Some suggested Activities: PowerPoint Presentation on the topic. Worksheet questions on practicing drawing free body diagrams and applying Newtons Laws of motion References: Pople ,S. (1999). Complete Physics. Oxford University Press. pp 30-39. Lecture/Workshop 29: Electrostatics Outcomes: At the end of the lessons, students should be able to: comment and explain the nature and origin of charges define insulators and conductors use gold-leaf electroscope to investigate the electrostatic charges, insulators and conductors explain the dangers and uses of electrostatics Content: Nature and origin of electrostatic charges Investigating nature of charges using the gold leaf electroscope Electrostatic induction Dangers of static electricity Uses of static electricity Some suggested Activities: PowerPoint Presentation on the topic. Demonstration of electrostatics using the gold leaf electroscope Practical work: Investigate electrostatic induction References: Pople ,S. (1999). Complete Physics. Oxford University Press.Pp 178-181 Lecture/workshop 30: Wave Properties and Electromagnetic Spectrum Outcomes: At the end of the lessons, students should be able to: Classify waves as either longitudinal or transverse Define electromagnetic and mechanical waves

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Give examples of electromagnetic and mechanical waves Demonstrate transverse and longitudinal waves using a slinky Describe wave speed, frequency, wavelength and amplitude Perform calculations using the equation v f Demonstrate wave effects using ripple tank or slinky springs Explain the wave properties: Refraction, reflection, diffraction and interference of waves State and explain the properties of electromagnetic waves Describe the electromagnetic spectrum Explain the properties and nature of different of different types of electromagnetic waves Relate electromagnetic waves and everyday experiences and uses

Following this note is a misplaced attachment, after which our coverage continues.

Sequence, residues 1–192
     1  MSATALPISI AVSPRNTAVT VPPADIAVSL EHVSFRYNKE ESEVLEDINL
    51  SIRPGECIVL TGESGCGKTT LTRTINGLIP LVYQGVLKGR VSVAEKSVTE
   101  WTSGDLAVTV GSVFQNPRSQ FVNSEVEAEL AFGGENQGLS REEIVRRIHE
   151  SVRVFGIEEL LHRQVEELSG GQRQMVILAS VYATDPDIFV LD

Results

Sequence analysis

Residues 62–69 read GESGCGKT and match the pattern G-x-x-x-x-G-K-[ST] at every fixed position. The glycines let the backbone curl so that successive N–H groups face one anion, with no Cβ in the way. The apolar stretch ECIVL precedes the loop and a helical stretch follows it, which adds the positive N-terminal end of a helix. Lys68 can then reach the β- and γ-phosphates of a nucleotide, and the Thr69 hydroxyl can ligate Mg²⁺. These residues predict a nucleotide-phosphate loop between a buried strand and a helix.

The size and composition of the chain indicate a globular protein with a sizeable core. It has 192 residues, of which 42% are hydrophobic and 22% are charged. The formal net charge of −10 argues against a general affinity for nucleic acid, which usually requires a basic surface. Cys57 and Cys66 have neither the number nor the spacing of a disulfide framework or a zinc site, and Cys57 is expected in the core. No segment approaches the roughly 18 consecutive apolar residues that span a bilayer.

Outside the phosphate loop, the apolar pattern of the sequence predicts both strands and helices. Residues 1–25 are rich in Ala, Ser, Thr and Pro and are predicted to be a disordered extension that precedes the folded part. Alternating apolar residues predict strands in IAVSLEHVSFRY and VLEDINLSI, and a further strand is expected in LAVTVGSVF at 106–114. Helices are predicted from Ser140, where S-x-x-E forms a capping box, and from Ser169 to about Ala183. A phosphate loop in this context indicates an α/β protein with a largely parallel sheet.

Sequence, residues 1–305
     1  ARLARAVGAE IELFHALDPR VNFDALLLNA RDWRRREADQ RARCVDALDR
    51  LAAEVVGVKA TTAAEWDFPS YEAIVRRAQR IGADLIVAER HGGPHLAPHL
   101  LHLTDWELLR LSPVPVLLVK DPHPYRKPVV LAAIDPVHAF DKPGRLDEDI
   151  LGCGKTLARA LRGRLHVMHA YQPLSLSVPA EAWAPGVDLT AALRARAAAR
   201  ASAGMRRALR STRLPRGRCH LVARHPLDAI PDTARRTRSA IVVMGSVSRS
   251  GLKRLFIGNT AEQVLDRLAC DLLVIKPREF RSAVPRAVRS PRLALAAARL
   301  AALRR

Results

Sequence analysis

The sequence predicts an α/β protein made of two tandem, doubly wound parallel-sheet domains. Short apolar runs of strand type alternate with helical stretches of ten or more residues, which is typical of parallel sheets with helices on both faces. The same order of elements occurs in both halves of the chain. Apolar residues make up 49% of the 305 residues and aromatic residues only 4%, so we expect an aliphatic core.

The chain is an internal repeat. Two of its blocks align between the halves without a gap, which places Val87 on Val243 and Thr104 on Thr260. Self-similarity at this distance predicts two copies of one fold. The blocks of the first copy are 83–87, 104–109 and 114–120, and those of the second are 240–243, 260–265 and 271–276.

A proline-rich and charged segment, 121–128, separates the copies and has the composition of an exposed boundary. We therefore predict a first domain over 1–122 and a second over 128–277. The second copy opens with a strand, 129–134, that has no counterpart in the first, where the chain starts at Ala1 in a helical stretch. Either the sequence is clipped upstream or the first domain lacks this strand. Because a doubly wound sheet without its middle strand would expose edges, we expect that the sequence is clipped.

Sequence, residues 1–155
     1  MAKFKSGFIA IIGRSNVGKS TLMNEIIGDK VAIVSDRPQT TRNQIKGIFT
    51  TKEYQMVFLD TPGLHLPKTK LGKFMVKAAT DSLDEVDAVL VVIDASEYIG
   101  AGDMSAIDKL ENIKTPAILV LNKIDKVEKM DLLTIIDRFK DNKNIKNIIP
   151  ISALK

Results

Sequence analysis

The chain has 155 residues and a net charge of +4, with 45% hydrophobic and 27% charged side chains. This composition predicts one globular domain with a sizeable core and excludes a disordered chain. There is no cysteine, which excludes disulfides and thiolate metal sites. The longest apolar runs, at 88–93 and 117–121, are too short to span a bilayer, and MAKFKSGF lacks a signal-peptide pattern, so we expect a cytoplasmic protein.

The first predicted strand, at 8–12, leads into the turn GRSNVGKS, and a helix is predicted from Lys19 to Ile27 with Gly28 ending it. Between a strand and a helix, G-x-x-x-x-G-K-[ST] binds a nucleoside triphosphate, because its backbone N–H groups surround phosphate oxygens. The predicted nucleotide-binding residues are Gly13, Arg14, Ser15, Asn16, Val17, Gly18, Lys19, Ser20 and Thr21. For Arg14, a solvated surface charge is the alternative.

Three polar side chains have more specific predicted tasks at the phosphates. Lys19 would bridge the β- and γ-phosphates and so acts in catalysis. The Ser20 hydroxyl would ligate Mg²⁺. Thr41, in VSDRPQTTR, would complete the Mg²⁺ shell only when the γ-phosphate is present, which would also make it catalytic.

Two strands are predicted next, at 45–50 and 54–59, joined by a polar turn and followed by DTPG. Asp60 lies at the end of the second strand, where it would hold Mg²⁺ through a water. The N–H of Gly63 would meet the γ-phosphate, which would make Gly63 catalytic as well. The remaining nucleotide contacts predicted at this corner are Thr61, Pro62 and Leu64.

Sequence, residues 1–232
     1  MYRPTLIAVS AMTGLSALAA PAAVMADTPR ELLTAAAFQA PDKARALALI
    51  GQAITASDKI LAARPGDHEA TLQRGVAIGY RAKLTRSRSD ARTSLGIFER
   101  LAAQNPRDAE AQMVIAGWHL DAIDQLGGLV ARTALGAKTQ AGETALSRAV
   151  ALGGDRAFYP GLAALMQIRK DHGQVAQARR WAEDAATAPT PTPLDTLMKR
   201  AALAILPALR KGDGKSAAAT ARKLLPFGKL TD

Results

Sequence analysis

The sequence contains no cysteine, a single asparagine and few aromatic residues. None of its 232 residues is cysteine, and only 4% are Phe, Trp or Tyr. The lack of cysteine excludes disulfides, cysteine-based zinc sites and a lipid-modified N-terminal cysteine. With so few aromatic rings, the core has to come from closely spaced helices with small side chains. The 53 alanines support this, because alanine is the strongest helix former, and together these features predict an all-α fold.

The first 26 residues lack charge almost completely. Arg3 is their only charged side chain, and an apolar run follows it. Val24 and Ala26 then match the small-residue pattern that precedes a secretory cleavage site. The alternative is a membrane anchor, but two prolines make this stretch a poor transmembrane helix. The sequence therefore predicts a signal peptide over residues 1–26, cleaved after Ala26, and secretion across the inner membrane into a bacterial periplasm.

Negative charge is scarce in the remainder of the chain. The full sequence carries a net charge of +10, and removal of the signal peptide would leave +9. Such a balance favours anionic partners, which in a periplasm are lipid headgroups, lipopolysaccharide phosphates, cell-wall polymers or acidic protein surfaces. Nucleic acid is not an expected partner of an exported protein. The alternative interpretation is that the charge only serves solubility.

Content Classification of waves as either Transverse or longitudinal waves and Classification of waves as either Electromagnetic and transverse waves Definitions Wave speed, frequency, amplitude and wavelength Calculations based on Wave Equation v f Demonstration of refraction, reflection, diffraction and interference (using simulations or using the ripple tank or slinky). Properties of electromagnetic waves: focus on wavelength, frequency and energy Properties of different electromagnetic waves Uses of electromagnetic waves

Some Suggested Activities Demonstration of transverse and longitudinal waves using the slinky Worksheet on waves with calculations Group Activity ( possible activities) o Poster presentation on the EM spectrum and the uses of different wavelength of light. Demonstration of filters in action Practical group work: addition and subtraction of colours. 24

Faculty of Education, MNU, Maldives

References Pople, S. (1999). Complete Physics, Chennai: Oxford University Press. (pp 123-127). Waves (1999). Retrieved April 6th , 2010 from http://theory.uwinnipeg.ca/mod_tech/node119.html Lets Make Waves. (1997). Retrieved April 6th , 2010 from http://www.eduplace.com/rdg/gen_act/ocean/wave.html Pople, S. (1999). Complete Physics. Oxford University Press, Oxford.(pg 164 - 169)